KT reviewing network fees on Youtube, Internet TVs
SEOUL (Reuters) - South Korea's top Internet provider, KT Corp plans to charge data-heavy content providers such as Google's Youtube and Internet-enabled TV service operators to subsidize costly network upgrades, a KT executive said on Thursday.
KT fired its first salvo on "free riding" Internet services earlier this month by blocking access to certain TV applications offered by Samsung Electronics Co, the top manufacturer of Internet TVs, with the burgeoning TV industry set to generate profits from advertising and applications at the expense of heavy investments by network operators.
"We want to set a rule that we can equally apply to every platform operator that offers data-heavy content as those services threaten to black out our network. They should pay for using our network," Kim Taehwan, vice president of KT's smart network policy task force, told Reuters in an interview.
"Payment could take various forms, from sharing a portion of advertisement revenues or profits to settling network usage fees. We are open to discussing that and are focusing our efforts on Internet TVs for a start before broadening our target to other data-heavy services such as Youtube."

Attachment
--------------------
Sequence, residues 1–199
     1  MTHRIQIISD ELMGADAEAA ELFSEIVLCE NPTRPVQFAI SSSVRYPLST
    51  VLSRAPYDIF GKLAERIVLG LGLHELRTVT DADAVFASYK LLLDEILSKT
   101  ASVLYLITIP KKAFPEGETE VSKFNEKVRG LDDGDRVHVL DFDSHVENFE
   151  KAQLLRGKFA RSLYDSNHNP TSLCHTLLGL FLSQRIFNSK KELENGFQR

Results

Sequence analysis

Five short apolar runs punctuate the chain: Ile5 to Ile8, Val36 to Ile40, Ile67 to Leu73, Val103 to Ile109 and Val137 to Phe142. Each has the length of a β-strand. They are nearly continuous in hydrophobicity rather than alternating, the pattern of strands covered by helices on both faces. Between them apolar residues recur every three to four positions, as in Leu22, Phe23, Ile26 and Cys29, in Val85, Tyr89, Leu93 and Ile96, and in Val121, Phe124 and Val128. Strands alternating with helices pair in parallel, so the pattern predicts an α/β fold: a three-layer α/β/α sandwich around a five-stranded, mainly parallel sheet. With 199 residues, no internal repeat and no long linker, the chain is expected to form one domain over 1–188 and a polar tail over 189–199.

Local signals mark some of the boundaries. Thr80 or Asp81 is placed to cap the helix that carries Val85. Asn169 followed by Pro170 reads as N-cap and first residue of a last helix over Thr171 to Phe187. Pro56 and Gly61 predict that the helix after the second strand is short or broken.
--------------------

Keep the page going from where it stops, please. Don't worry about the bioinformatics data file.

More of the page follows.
Such moves could have wider implications for the likes of Apple and Google, which are trying to replicate their enormous success in the smartphone market in the living room by offering services such as high-quality videos, movies, games and social networking via TVs.
"Once we set a rule with Samsung, we will apply it to other Internet TV operators, be it Apple or Google," Kim said.
Apple is in talks with Canada's two biggest telecom firms about launching iTV, a device combining the features of the wildly popular iPad tablet with those of a TV set, according to Canada's Globe and Mail.
Google is also preparing revamped Google TVs through alliances with firms such as LG Electronics Inc.
Telecoms operators, under growing pressure to upgrade their networks to support increasing data traffic, have already seen free Internet phone and text message services such as Kakaotalk and BlackBerry Messenger hit steady and superbly profitable sources of income.
Hardware manufacturers like Samsung, which hopes to build on its dominance of the TV market in the Internet TV segment, argue networks should not discriminate against content or services and that applications do not cause massive traffic slowdowns.
(Reporting by Miyoung Kim; Editing by Jonathan Hopfner)